Don't Believe the Digital Hype (at least not all of it)
The Web is definitely bigger and certainly a heck of a lot faster
than when I started out as a newbie Web worker nearly 15 years
ago. Somehow, however, it feels as if it’s a less meaningful experience
and (certainly) at times, a less honest one. Perhaps it’s
the development of a more cynical side of me, but I don’t believe
I’m still surprised, of course, at how creative and intelligent people can be. I’m dazzled, captivated, engaged and, sometimes, even energized by brands large and small and the information, data and products they create and publish that answer and solve complex questions.
With the “real-time” nature of the Web, however, even digital media veterans are easily distracted. Perhaps the dial-up speeds of the past provided an opportunity for users and Web workers to collect their thoughts between page loads, resulting in fewer bad decisions, more conscientious communication and thoughtful analysis. So why, even with greater access to information and more powerful technology, are we still quick to believe the digital hype? It can take many forms, be it a specific traffic source that always provides a good experience for advertisers, or that certain types of software can consistently provide a positive and more engaging experience for users or increase efficiency.
It seems, at least from my vantage point, that Web and digital media workers spend far less time focusing on whether we’re having genuine, meaningful interactions, or if the information and products we consume and experience are rooted in little more than hype. The demand for immediate results makes it easy to believe what’s in front of us, but Internet professionals need to analyze the information and data to know for sure that the decisions they make today are the right ones for their enterprises tomorrow.
I cut my digital teeth in some aggressive topic forums and message boards back in the digital day. What I learned from spending my Internet time in and around those virtual places was that brands and individuals were rewarded most (more loyalty, more engagement and, seemingly, more conversions) when their participation was genuine and meaningful, honest and transparent. But it’s not enough just to avoid advocating the hype (as a publisher or marketer); to be successful, you also must refrain from believing it.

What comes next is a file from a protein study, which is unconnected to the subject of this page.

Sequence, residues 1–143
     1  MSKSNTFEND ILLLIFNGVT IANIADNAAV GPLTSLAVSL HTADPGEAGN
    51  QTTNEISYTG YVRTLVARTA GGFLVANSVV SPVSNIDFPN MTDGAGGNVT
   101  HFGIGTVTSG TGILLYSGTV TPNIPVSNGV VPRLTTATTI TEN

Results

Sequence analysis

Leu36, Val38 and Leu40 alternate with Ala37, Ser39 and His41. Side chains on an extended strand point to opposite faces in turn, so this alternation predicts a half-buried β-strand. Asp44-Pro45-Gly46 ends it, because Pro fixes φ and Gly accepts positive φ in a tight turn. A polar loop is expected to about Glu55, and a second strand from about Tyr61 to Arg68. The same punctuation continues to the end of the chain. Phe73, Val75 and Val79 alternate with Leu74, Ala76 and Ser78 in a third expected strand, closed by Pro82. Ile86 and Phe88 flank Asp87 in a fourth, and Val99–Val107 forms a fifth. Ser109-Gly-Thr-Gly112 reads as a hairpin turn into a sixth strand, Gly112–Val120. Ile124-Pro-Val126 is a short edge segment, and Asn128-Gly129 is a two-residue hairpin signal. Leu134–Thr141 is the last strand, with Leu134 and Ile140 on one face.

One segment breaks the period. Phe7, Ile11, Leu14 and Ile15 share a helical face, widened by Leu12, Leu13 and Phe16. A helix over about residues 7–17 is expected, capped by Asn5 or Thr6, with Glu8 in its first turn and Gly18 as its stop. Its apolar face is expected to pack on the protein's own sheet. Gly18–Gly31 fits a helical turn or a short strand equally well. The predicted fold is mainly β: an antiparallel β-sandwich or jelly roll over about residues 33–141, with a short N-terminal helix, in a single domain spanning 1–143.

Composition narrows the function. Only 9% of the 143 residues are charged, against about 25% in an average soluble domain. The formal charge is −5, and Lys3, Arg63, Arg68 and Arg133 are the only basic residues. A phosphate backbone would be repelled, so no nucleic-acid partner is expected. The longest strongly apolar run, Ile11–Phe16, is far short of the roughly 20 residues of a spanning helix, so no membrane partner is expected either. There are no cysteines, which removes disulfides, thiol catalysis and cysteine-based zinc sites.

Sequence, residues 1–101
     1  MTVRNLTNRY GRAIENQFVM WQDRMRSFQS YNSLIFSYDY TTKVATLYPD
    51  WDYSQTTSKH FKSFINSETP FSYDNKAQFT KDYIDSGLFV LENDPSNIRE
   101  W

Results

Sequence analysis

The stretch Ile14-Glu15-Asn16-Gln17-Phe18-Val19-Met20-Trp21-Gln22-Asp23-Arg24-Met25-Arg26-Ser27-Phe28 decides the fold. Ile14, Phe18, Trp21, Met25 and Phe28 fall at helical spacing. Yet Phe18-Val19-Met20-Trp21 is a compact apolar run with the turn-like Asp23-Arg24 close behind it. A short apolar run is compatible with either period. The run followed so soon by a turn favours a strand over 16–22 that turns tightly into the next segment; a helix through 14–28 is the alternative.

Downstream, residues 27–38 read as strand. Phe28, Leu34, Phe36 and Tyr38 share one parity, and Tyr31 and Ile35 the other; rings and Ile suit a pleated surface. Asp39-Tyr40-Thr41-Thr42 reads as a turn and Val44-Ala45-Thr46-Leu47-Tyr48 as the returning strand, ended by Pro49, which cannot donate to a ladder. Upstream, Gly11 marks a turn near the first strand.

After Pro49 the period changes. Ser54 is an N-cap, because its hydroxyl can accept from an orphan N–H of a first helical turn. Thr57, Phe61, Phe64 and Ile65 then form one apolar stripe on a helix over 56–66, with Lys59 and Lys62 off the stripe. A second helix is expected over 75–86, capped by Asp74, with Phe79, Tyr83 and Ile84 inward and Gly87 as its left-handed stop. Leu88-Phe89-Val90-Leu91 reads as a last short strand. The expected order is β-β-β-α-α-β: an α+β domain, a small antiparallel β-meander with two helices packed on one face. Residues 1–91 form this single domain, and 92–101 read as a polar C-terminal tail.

The performance marketing space has always been one that the entire Web seems to look down its virtual nose at and sometimes for good reason. While the vast majority of affiliate marketers are fine, upstanding Internet professionals, there remain a few that continue to abuse the model. Two well-known affiliates (Shawn Hogan and Brian Dunning), who eBay is claiming bilked them out of millions of dollars using nefarious tactics like cookie stuffing, are the latest accused perpetrators of fraud in the performance marketing space.
But where were the advertisers? Were they too busy buying into the hype and inflated promises of “quality,” calmed by the sufficient volume of clicks and the occasional conversion, to notice that they might have been the victims of fraud? Did they buy into the hype?
Today, thanks to all those edgy real-time technologies, brands and users alike, are drawn more toward the quick click and the quick buck than the involved experience and the slow and hard-earned dollar. They shun involved communication, opting for self-directed Q&A and support desk platforms. While there’s no denying these systems save money, and users are having positive experiences with them, there still seems to be less true engagement now, and as a result, there is less trust and loyalty. Without trust and loyalty, what hope do you have of ever obtaining a conversion?
We’re mesmerized now by each meme from across the Web, each new software offering and website metric, but they don’t always move us, our campaigns, our projects and our enterprises forward. Do you create and publish meaningful experiences, or simply more and faster experiences? Take time to question the information and data you receive, and you’ll avoid the hype and the negative consequences of it, and position your digital enterprise for success.